It occurred to me that perhaps it would be a good idea to include a section from the preface. The truth, however, is that I just plain forgot. Ergo, below is a selection from the preface of my book, Melanoma: It Started with a Freckle, published by McGann Publishing and available on Amazon.com
Here’s what Armin Brott, director of the top rated website, Talking About Men’s Health, Time Magazine’s “Superdad’s superdad” author and fatherhood expert said about the book:
Men are far more likely than women to die of skin cancer. But as with other health issues that contribute to men’s shorter, less-healthy lives, too many of us don’t know enough about the risk factors, symptoms, and possible treatments. David Stanley eloquently and passionately weaves together his own personal story and the latest science, and has created a truly important book. Read it. It could save your life.
From the Preface
Everyone has a cancer story. Cancer strikes fathers and mothers, brothers and sisters, children, nieces and nephews, loved ones and trusted friends, and everyone in between. Over the course of a lifetime, 40% of us will develop a cancer of some kind. Half of those attacked by cancer will die.
So why is this story, a melanoma story, in particular, important? Because melanoma is the only cancer, of the seven most common cancers, in which the incidence continues to grow. Since 2000, melanoma diagnoses have increased 2% every year. One out of fifty adults will develop melanoma during the lifetime. The incidence of squamous cell skin carcinomas has doubled since the mid-1980s. Over the past thirty years, more people have had skin cancer than all other cancers combined. So, why don’t we do more to protect ourselves?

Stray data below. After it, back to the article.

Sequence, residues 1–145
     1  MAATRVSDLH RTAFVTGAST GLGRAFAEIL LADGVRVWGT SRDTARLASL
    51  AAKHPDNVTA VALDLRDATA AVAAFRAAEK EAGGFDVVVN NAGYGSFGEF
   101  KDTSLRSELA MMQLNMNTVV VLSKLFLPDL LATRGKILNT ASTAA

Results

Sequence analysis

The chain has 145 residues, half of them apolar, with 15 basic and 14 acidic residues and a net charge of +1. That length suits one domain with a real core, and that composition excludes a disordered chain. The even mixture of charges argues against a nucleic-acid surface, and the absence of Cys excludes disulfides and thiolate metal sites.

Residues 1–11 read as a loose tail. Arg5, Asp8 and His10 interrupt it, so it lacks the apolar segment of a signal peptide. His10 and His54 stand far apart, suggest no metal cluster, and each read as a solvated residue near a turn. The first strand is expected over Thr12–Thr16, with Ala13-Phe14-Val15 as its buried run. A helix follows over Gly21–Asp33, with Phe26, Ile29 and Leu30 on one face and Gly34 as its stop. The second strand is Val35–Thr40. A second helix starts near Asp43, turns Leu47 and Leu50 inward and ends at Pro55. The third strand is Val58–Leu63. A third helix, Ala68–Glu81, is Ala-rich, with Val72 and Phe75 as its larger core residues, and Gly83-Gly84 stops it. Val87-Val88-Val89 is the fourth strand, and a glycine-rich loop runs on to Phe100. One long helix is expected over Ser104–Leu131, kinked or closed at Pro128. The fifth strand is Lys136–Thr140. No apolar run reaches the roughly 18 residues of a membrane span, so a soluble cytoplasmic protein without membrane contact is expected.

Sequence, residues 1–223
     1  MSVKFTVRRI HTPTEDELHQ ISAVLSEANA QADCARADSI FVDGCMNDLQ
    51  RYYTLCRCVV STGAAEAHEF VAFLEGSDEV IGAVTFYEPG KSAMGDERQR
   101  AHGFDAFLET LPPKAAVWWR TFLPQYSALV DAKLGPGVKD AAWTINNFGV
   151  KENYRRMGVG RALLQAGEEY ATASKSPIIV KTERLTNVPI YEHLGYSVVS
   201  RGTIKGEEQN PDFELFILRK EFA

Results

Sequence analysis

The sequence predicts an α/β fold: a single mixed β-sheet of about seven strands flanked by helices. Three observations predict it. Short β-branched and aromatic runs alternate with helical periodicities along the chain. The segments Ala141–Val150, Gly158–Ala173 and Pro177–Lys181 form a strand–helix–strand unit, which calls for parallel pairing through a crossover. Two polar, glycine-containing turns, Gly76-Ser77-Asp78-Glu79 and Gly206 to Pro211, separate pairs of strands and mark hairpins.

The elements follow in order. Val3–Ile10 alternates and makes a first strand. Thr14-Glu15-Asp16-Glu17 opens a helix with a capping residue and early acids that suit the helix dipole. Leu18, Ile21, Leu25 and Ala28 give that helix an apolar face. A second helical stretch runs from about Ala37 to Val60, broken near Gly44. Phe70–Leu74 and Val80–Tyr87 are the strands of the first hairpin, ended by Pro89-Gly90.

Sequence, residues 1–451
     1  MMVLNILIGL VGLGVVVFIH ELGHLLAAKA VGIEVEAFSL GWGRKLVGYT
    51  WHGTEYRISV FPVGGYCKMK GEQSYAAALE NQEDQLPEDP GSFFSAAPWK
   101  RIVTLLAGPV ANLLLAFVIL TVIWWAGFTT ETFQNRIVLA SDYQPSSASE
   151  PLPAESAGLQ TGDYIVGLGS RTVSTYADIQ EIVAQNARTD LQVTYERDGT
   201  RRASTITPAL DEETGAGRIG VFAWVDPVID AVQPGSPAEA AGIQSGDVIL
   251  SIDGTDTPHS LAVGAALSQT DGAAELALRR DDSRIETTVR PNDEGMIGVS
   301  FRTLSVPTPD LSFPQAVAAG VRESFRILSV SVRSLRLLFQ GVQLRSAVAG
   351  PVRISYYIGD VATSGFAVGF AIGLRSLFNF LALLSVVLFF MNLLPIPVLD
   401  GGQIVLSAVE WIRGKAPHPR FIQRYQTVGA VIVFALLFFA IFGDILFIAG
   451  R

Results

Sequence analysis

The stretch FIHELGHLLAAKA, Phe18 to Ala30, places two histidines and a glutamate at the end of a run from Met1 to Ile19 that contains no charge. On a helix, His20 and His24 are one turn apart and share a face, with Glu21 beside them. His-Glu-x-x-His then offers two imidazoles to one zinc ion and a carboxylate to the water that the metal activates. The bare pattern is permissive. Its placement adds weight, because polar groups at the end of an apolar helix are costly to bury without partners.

Skin cancer in general, and melanoma in particular, suffers from a lack of awareness and press. It is not possible to watch television for more than an hour without seeing an anti-smoking commercial. Over the course of my lifetime, those commercials have, rightfully, become stark and graphic. As the pool of smokers shrinks, it takes more and more to budge those few smokers who remain to put down their Winstons.
But skin cancers face a tougher battle. Tanned skin looks good. Pale skin looks pasty, sallow, wan, ashen. According to an IBIS World report, the tanning industry has grown just over 3% annually since 2000, and generates about $5 billion dollars in revenue. That’s a lot of money for a product that when used regularly, is more effective than tobacco at causing cancer. Indeed, the Skin Cancer Foundation has found that more people develop skin cancer because of indoor tanning than there are smokers who develop lung cancer from smoking. The World Health Organization includes indoor tanning machines in its Group 1 carcinogens; the most dangerous cancer-causing agents. Group 1 also includes plutonium and cigarettes.
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Now You Know…
Just FIVE peeling sunburns in your lifetime DOUBLES your chances of melanoma. That’s 5. V. 101.